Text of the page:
David Kurtz in political blog Talking Points Memo makes a very good point:
If you read only the print edition of the New York Times, you would still not know anything about the Mark Sanford saga, according to my search of the paper's archives. Yet, right now it's the lead story on the paper's website, and has been, for better or worse, the dominant news story this week since The State first broke news late Monday afternoon that the governor was missing. Presumably, The Times will have a story in tomorrow's print edition, by which time the story will have bubbled, built, arced, and be on its way to fading out. That's not a criticism per se of The Times' news judgment. By the old standards, the story was arguably too undeveloped to warrant inclusion in The Times. But it points up the difficulty of keeping an old-line newspaper relevant to its better-informed readers.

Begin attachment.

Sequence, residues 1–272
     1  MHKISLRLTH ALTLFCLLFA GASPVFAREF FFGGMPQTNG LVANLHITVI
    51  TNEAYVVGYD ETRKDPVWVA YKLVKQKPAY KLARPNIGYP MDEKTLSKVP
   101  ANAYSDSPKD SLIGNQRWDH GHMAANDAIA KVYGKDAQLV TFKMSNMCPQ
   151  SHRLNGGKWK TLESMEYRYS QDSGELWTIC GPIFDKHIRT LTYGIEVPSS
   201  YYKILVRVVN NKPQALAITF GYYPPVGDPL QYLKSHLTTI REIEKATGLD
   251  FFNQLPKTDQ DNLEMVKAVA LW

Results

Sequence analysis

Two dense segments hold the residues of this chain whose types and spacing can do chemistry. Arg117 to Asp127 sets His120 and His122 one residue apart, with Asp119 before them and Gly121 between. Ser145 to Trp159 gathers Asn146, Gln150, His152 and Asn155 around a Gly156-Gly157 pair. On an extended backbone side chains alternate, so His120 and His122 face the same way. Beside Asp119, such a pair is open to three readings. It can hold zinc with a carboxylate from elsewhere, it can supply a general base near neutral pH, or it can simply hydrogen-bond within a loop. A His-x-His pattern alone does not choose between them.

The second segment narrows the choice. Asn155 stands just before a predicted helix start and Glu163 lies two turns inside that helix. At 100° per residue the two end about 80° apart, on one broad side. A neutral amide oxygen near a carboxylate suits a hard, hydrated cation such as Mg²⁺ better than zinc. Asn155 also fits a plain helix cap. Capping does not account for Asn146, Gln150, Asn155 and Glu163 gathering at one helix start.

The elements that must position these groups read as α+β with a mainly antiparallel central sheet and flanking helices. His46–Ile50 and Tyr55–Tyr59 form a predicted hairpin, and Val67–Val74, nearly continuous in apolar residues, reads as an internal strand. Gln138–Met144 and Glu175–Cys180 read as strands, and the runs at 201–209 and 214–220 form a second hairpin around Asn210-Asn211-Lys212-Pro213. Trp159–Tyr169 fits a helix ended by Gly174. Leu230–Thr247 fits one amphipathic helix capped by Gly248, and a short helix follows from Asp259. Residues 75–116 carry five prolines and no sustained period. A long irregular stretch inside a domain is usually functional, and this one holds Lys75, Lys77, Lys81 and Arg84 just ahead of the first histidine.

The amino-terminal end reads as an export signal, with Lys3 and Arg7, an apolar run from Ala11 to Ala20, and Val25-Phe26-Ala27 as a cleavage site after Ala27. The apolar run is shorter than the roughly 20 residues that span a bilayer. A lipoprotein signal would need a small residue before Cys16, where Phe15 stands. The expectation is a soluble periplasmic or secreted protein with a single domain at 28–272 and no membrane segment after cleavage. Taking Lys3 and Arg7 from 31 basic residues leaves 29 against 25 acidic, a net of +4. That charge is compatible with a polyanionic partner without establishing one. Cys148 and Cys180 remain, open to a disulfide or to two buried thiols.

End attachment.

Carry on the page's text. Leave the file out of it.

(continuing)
This "news" in Wednesday's editions comes from a midday (Eastern Time) news conference on Tuesday. I heard it through the day on the radio and TV and read many updates on the Web, including on some of these papers' sites. Yet, still, this is what editors decide to deliver the next morning.